U.S. flag

An official website of the United States government

Format

Send to:

Choose Destination

Mitochondrial complex III deficiency nuclear type 4(MC3DN4)

MedGen UID:
767521
Concept ID:
C3554607
Disease or Syndrome
Synonym: Mitochondrial Respiratory Chain Complex III Deficiency, UQCRQ Related
 
Gene (location): UQCRQ (5q31.1)
 
Monarch Initiative: MONDO:0014065
OMIM®: 615159

Definition

The severity of mitochondrial complex III deficiency varies widely among affected individuals. People who are mildly affected tend to have muscle weakness (myopathy) and extreme tiredness (fatigue), particularly during exercise (exercise intolerance). More severely affected individuals have problems with multiple body systems, such as liver disease that can lead to liver failure, kidney abnormalities (tubulopathy), and brain dysfunction (encephalopathy). Encephalopathy can cause delayed development of mental and motor skills (psychomotor delay), movement problems, weak muscle tone (hypotonia), and difficulty with communication. Some affected individuals have a form of heart disease called cardiomyopathy, which can lead to heart failure. 

Most people with mitochondrial complex III deficiency have a buildup of a chemical called lactic acid in the body (lactic acidosis). Some affected individuals also have buildup of molecules called ketones (ketoacidosis) or high blood glucose levels (hyperglycemia). Abnormally high levels of these chemicals in the body can be life-threatening.

Mitochondrial complex III deficiency can be fatal in childhood, although individuals with mild signs and symptoms can survive into adolescence or adulthood.

Mitochondrial complex III deficiency is a genetic condition that can affect several parts of the body, including the brain, kidneys, liver, heart, and the muscles used for movement (skeletal muscles). Signs and symptoms of mitochondrial complex III deficiency usually begin in infancy but can appear later. [from MedlinePlus Genetics]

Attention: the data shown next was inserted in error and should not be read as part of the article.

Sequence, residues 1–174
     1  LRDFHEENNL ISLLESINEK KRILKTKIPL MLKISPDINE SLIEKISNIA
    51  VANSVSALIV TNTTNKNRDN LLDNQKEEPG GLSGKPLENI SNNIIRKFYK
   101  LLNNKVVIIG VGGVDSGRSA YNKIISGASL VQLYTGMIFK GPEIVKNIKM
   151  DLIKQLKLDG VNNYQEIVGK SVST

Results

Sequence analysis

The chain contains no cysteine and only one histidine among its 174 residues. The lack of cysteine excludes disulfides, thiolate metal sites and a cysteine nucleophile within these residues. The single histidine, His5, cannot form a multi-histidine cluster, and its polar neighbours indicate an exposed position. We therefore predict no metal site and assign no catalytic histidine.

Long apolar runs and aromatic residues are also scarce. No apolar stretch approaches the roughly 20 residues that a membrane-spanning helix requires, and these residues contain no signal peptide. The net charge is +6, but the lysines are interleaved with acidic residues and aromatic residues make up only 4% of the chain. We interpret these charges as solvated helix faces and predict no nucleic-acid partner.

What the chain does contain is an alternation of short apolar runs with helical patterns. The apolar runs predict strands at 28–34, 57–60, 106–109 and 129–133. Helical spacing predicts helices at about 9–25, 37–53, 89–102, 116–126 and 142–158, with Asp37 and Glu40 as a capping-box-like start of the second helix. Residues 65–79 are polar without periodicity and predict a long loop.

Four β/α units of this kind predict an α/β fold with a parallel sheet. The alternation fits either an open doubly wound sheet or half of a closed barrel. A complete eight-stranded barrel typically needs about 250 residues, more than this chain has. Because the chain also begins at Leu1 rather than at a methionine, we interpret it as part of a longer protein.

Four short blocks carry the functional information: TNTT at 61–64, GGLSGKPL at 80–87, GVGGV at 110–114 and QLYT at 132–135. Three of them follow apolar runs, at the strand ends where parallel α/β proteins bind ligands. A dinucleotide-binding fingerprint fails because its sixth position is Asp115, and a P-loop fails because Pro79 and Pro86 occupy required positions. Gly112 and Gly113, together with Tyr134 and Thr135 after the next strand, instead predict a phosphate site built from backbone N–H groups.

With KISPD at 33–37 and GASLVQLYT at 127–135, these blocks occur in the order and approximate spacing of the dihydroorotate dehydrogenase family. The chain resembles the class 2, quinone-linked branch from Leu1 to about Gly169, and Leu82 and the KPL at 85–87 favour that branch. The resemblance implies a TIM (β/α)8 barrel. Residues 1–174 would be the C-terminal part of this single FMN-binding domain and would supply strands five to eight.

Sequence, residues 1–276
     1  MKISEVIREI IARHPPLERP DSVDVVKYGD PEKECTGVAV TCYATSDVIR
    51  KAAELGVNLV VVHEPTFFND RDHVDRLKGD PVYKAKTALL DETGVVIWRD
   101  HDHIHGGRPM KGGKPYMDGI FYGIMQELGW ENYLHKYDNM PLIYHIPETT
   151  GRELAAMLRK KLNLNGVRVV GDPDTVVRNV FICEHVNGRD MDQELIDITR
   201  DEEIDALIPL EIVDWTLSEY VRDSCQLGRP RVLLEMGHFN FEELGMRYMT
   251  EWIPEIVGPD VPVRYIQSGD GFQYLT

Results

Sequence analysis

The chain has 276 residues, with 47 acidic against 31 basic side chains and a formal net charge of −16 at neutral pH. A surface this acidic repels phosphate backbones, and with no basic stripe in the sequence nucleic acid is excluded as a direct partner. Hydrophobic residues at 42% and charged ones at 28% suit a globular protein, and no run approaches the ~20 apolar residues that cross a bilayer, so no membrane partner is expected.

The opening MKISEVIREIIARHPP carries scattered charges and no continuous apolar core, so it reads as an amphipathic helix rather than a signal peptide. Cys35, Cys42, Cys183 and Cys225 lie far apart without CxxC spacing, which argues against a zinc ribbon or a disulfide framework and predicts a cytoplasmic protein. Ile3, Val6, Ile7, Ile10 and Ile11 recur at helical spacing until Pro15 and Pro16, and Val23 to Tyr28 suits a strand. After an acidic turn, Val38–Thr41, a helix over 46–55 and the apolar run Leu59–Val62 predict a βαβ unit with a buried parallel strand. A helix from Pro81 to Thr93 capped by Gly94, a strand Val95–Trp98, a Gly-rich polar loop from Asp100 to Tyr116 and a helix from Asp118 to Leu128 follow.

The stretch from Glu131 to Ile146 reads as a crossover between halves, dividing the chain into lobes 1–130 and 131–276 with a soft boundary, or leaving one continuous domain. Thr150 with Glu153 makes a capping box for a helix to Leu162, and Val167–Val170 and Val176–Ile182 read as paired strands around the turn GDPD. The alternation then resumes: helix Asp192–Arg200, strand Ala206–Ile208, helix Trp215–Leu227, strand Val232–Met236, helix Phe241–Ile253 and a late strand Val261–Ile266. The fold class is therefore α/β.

Clinical features

From HPO
Athetosis
MedGen UID:
2115
Concept ID:
C0004158
Disease or Syndrome
A slow, continuous, involuntary writhing movement that prevents maintenance of a stable posture. Athetosis involves continuous smooth movements that appear random and are not composed of recognizable sub-movements or movement fragments. In contrast to chorea, in athetosis, the same regions of the body are repeatedly involved. Athetosis may worsen with attempts at movement of posture, but athetosis can also occur at rest.
Cerebellar ataxia
MedGen UID:
849
Concept ID:
C0007758
Disease or Syndrome
Cerebellar ataxia refers to ataxia due to dysfunction of the cerebellum. This causes a variety of elementary neurological deficits including asynergy (lack of coordination between muscles, limbs and joints), dysmetria (lack of ability to judge distances that can lead to under- or overshoot in grasping movements), and dysdiadochokinesia (inability to perform rapid movements requiring antagonizing muscle groups to be switched on and off repeatedly).
Dystonic disorder
MedGen UID:
3940
Concept ID:
C0013421
Sign or Symptom
An abnormally increased muscular tone that causes fixed abnormal postures. There is a slow, intermittent twisting motion that leads to exaggerated turning and posture of the extremities and trunk.
Intellectual disability, severe
MedGen UID:
48638
Concept ID:
C0036857